In order for naptime to be beneficial for everyone involved, it must be organized and the children must understand the routinue. While my children are eating lunch, I put their restmats out and start to play their resttime music “Return To Pooh Corner” by Kenny Loggins. This is full of wonderful songs that the children know, and it is also a signal to them to start to relax. After lunch and bathroom, the children lay down. They are not allowed to have anything on their restmats except for their blanket, and a stuffed animal. Within a few minutes, the majority of them are sleeping. Now, after seeing the other children sleeping, my non-sleepers have actually started to rest, much to the amazement of their parents.


I taught 2 year olds and what worked for me was to read Margert Wise Brown’s Good Night Moon consistently everyday. The children read along with me and at the end, we all say good night. I say good night to each child by name and then they go to their mat. I always play some sort of instrumental music, whether its classical or new age. It has to be quiet and no lyrics though. It works wonders! Of course there is always backs to be rubbed and I always start with the energetic ones. I had many children that would lay down and sleep without all the fuse. Hope these ideas help some one!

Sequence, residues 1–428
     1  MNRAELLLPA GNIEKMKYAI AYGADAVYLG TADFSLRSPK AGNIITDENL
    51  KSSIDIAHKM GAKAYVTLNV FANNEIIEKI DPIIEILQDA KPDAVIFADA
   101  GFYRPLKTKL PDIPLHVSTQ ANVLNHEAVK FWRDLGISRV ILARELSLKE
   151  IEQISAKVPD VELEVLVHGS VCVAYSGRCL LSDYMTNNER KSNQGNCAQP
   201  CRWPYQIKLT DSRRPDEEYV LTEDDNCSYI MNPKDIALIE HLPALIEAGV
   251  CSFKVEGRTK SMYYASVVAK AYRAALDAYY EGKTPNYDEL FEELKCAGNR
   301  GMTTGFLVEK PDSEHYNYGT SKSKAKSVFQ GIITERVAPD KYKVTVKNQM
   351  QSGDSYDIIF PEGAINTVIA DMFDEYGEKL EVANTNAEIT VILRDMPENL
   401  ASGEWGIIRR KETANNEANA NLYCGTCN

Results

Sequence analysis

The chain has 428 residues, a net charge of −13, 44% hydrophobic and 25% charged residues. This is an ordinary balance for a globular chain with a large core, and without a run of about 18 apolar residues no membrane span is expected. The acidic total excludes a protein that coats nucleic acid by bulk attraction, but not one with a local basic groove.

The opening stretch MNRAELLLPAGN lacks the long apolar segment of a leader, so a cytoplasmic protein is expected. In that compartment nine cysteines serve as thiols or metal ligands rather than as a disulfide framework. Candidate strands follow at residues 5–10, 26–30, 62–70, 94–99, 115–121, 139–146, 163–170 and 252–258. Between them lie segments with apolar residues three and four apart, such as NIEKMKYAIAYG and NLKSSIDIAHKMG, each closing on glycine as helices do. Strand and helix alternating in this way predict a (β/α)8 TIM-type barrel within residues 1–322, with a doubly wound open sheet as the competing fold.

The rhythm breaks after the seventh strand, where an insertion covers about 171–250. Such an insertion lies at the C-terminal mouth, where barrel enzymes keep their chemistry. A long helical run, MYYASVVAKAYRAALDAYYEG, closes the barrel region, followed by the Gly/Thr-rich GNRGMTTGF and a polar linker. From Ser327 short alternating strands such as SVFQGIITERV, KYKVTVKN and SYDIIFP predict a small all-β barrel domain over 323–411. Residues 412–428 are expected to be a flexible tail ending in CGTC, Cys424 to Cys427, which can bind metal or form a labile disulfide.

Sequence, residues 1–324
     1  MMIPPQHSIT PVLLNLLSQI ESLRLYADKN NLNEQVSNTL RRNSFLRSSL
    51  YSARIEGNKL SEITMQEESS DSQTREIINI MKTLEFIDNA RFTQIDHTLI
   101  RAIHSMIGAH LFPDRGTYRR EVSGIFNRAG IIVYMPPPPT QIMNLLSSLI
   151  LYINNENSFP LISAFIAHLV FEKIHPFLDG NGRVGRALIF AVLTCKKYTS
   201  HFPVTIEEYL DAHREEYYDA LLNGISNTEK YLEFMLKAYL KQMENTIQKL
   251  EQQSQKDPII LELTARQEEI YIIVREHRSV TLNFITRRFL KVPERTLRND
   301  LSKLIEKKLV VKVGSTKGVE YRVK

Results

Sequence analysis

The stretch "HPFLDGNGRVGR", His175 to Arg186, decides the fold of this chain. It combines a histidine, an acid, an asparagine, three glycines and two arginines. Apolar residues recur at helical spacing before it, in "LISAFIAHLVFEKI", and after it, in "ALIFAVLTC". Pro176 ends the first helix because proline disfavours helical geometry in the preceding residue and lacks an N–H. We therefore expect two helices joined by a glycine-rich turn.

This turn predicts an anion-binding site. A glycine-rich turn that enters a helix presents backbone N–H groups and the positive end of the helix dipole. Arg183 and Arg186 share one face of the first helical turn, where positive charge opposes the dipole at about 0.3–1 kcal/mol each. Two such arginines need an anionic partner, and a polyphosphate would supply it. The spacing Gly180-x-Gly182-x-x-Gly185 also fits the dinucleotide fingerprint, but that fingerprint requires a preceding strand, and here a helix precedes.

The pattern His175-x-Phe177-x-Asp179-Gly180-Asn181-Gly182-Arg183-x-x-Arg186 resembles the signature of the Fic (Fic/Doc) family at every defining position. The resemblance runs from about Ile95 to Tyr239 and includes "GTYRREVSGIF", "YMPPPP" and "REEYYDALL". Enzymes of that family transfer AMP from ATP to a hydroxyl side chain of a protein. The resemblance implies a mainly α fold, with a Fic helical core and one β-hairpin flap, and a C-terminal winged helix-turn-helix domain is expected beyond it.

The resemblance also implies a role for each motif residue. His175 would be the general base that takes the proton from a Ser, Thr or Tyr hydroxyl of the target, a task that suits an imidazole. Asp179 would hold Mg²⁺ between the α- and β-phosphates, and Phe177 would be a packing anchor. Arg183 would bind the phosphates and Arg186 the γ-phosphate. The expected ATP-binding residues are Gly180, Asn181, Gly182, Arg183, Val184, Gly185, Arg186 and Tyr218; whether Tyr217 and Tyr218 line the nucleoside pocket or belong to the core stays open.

At nap time, I always have the same routine so the kids know when it’s time to settle down. I do not close the blinds or put the music on until everyone is finished going to the bathroom, brushing their teeth, etc. And when I do, the kids know it’s time to sleep!

Share an idea you have used in your classroom or at home that pertains to this theme.